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thSometimes I regret my habit of reading while I eat. When dining or even snacking alone I tend to reach for a book, a newspaper, a magazine or even the back of a cereal box.

Dietitians would probably say that mindless eating often leads to overeating. Slow-food movement enthusiasts would likely tell me that paying half-attention to a plate means I’m missing the full experience.

And anyone who’s ever tried a recipe from the back of a food product would almost certainly warn against baking Tic Tac Toe Cookies, a peanut-butter cookie recipe found on the Heinz ketchup bottle.


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thWhat’s the weirdest thing you ever did to save money? That’s a question that the GO Banking Rates blogger Christine Lavignia asked of me and 29 other personal finance writers. Here’s my answer:

“As a 21-year-old single mom, I was a clerk at a big-city newspaper, where an editor would ask me to run to the cafeteria for coffee for reporters, ‘and get something for myself, too.’

I would pocket the 35 cents it cost to buy an orange drink and purposely get more sugar packets than necessary; that way, I’d get an extra buck or so a week (these were 1979 dollars) plus sugar to take home for my oatmeal.

“I don’t know about ‘weird,’ but it’s certainly sad. … Just one more reminder that since I had very few resources, I’d better be creative about meeting needs for myself and my baby. My various hand-to-mouth coping strategies were pretty useful much later, when I was a mid-life college student and broke divorcee.”

Edited for clarity: I would get two or three sugars per cup of coffee. Some reporters used that much, others didn’t. At times certain writers would cut back to zero sugars for a while (maybe because they wanted to lose weight). No matter what, most weeks I brought at least a few sugar packets home.

The other answers can be seen at “The weirdest thing I did to save money.” In my opinion only a few of them are truly weird.

My favorite? “I scrounged in the Lost and Found for a free swimsuit.”


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th-1Because it was torn. Duh.

But seriously, folks: I had four pairs* of underpants with tears along seams. Side seams are especially susceptible. As the holes got bigger I’d stop using the garments.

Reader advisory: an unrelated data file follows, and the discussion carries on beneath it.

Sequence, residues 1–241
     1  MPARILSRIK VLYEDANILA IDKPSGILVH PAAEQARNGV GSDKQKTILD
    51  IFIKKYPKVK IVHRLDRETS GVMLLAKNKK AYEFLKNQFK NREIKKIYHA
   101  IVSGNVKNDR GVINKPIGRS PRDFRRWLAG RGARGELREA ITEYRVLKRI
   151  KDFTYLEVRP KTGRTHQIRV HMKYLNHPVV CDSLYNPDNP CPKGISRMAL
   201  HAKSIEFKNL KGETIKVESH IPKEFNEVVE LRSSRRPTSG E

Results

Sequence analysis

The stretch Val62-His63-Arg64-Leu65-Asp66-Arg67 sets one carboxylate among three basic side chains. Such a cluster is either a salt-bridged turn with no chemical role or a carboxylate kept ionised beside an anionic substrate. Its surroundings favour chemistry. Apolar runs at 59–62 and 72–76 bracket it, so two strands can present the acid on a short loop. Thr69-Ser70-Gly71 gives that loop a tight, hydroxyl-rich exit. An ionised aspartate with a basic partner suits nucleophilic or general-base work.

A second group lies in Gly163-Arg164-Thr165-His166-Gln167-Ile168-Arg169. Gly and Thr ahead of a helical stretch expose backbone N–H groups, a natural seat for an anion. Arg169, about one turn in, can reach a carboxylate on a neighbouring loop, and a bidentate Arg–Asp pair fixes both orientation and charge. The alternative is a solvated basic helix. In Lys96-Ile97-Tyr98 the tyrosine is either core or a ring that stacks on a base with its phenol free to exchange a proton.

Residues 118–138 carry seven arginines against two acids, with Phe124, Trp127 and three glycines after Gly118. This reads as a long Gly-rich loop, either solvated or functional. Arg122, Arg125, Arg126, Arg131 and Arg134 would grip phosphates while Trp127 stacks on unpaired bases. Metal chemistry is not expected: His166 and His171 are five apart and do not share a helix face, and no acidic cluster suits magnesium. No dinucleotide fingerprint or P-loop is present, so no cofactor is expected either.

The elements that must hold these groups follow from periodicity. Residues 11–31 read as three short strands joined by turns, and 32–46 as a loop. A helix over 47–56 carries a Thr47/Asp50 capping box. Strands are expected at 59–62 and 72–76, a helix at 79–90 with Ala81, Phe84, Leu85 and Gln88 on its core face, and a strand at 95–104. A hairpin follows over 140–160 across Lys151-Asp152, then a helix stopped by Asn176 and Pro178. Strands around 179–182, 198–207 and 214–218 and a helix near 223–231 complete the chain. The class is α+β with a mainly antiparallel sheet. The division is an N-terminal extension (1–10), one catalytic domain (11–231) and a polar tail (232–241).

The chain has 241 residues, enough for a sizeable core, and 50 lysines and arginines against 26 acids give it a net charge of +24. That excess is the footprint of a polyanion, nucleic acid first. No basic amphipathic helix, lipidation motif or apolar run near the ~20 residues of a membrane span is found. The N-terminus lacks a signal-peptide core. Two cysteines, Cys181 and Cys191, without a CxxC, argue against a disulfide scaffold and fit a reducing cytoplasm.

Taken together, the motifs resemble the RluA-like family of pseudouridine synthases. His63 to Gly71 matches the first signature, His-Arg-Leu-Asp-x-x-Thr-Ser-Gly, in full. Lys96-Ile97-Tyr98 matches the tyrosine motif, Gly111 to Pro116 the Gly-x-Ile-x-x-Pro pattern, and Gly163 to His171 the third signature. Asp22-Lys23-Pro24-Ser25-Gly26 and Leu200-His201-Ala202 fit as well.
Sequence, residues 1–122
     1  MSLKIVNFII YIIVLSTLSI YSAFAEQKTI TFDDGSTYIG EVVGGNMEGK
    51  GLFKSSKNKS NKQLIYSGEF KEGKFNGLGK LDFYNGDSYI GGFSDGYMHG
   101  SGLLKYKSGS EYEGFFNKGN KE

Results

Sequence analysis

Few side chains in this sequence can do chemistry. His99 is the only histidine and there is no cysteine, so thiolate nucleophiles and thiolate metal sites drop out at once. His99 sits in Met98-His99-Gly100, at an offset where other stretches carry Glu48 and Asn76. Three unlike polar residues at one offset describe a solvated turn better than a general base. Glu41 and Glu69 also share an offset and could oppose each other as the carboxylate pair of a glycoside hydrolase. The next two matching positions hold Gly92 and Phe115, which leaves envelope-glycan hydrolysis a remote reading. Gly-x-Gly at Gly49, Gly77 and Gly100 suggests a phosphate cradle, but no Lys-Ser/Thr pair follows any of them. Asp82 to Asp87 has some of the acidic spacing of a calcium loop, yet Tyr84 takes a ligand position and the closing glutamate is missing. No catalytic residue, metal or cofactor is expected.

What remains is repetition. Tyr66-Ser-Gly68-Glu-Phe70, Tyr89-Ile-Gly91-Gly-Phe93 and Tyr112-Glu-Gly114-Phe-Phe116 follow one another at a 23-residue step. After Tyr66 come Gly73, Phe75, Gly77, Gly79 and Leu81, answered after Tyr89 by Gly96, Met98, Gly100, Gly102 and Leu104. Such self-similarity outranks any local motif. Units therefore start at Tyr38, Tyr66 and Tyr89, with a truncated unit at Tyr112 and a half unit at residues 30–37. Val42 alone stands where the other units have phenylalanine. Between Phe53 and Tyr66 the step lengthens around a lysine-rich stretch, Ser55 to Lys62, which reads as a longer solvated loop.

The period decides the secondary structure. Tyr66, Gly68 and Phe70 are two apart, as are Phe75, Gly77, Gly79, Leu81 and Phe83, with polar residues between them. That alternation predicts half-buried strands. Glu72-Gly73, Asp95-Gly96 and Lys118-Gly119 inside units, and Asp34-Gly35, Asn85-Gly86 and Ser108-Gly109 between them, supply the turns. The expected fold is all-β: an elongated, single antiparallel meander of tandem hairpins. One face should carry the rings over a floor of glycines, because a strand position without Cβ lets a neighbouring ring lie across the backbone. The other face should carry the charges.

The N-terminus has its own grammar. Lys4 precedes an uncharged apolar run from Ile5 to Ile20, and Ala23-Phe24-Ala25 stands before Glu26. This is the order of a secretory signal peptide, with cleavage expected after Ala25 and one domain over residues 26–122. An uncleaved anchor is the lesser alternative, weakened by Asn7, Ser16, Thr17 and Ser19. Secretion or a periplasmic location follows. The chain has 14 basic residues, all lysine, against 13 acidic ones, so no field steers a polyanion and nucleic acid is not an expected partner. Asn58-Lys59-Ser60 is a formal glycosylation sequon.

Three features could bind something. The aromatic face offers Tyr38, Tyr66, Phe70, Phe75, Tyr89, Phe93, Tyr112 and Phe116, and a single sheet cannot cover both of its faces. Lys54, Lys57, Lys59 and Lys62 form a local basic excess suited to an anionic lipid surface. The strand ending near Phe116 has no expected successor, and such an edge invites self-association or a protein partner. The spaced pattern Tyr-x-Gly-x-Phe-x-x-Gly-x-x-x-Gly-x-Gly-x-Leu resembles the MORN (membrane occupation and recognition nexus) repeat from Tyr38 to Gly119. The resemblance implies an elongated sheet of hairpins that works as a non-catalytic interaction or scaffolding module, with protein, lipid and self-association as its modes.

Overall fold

But since I have enough for only about nine days, it bugged me that nearly half of my unmentionables were out of service. Naturally I kept vowing, “I’m going to fix those,” and just as naturally I kept putting it off.

Sometimes I’d wind up wearing the decommissioned drawers anyway due to laundry-day timing, and the stressed seams didn’t always appreciate it.

That bugged me even more. But as my friend SonyaAnn would say, it clearly it didn’t bother me enough. When it did, I’d do something about it.

Saturday was that day. I got out my sewing basket and spent just under half an hour repairing those seams. That included time to rethread the needle once.

Was it worth my time?


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IMG_20150503_130130A couple of weeks back I gave away a 2016 calendar created by “Tundra” artist Chad Carpenter. Or would have, if the winner hadn’t been from Canada.

Not that I have anything against our brethren to the north (or, in my case, to the east). It’s just that mailing the calendar would have been ridiculously expensive.

That’s why I note that winners from outside the United States will receive a gift card instead of mailable items. In this case, I sent the reader a $15 Amazon.ca card.

Which means, of course, that the calendar is still up for grabs. So is a $50 gift card of your choice from the Swagbucks shop. But first things first.


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thAt the end of April I got some unpleasant news concerning my teeth, news so unpleasant that it made me want to go out and waste money. Regular readers know that would indicate some serious upset.

As I explained in “How to avoid takeout,” the Maryland dental bridge I’ve had for 31 years needs replacing due to a cavity underneath it. The first stage — cutting apart the bridge, fixing the cavity and crowning the tooth — would cost approximately $1,222.

Today I had the first part done and the appointment revealed both very good and very bad news. Typical.


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The 876 scam is back.

thWhen the phone rang yesterday and caller ID noted an “876” area code, a warning bell dimly clanged in my head. Some kind of scam, I think. As I started to say so, DF answered the phone.

“Hello…Pretty busy, actually, what’s up? Oh, really? Well, send it to me.” He ended the call – and along with it, our chance to win $8.1 million dollars in a foreign lottery.

Yep, the 876 scam is back. Previous scammers have claimed to be associated with Publishers Clearinghouse, UPS, loan originators or credit repair agencies.